ROME (Reuters) - The Italian parliament passed Prime Minister Matteo Renzi’s flagship constitutional reform on Tuesday, opening the way for a referendum later this year on an overhaul aimed at giving Italy more stable governments.
Renzi says the reform will increase political stability and end decades of revolving-door governments that have made it difficult to revive the country’s debt-ridden economy. He has promised to resign if the referendum goes against him.
The reform effectively abolishes the Senate as an elected chamber and sharply restricts its ability to veto legislation. In the current system, the upper and lower houses of parliament have equal powers.
“This is a historic moment for Italy,” Renzi said from Iran, where he was drumming up business for Italian companies. “I am very happy because Italy used to be the least stable country in Europe. Today it is the most stable country in Europe.”
The bill passed by 361 to 7 in the lower house, with opposition parties abandoning the assembly before the final vote. The referendum is expected in October.
The law is inextricably tied to Renzi’s other main political reform, the introduction of a new, two-round voting system for the lower house. Together, they should give Italy governments that survive full, five-year terms - something that has never happened since World War Two.
Critics say the changes will strip away vital democratic checks and balances that were put in place after the war to prevent the rise of a political strongman like the Fascist leader Benito Mussolini.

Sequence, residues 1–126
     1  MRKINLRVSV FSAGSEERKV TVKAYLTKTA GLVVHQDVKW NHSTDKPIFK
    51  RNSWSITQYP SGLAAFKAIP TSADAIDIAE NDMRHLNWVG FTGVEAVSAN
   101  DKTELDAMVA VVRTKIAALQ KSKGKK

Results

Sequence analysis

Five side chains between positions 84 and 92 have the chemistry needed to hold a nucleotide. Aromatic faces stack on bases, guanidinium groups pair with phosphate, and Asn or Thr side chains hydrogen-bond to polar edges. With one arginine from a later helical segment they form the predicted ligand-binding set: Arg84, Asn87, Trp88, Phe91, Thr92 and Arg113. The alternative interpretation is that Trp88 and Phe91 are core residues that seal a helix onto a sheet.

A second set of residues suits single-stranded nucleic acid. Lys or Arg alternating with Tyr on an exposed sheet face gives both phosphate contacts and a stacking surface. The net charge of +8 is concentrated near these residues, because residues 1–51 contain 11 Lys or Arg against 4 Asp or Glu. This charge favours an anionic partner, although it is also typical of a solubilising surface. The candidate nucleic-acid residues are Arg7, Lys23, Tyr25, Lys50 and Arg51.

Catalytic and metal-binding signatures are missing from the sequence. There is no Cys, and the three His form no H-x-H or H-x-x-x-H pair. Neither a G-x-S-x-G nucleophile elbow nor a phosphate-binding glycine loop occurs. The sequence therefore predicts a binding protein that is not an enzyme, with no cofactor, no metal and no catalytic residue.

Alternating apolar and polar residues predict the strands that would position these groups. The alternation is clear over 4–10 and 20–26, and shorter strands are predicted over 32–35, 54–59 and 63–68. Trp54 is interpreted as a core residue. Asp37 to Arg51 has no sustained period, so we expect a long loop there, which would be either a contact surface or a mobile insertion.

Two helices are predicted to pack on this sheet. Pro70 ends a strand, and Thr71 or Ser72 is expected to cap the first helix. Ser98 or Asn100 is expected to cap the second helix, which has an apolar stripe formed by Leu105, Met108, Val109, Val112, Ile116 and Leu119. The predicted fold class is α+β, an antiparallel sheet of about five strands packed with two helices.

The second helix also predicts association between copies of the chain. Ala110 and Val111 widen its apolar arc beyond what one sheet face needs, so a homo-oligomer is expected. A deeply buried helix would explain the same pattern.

“Italians in October will vote to stop this evil reform that will give us a de facto presidential system, concentrating all the power into the hands of one person,” said Monica Gregori, a parliamentarian from a hard-left party.
Under the lengthy procedures required for constitutional changes, both houses have passed the reform twice each, with the bill taking two years to crawl through parliament.
In an effort to sink the project, the right-wing Northern League party used a computer algorithm to unleash 82 million amendments to the bill when it went before the Senate last year. The effort failed, with Renzi controversially relying on the support of rightist renegades to win in the upper house.
“People did not believe we would ever be able to do this,” Renzi said. “The political world has shown that it is capable of reforming itself.”
Tuesday’s vote will be a fillip to Renzi, who has struggled in recent weeks in the face of political scandals and signs that Italy’s chronically underperforming economy continues to struggle.
Last week, his industry minister quit in a row over alleged influence peddling, and latest opinion polls suggest the anti-establishment 5-Star Movement would win power under the terms of the new electoral law.
Writing by Crispian Balmer, editing by Steve Scherer, Larry King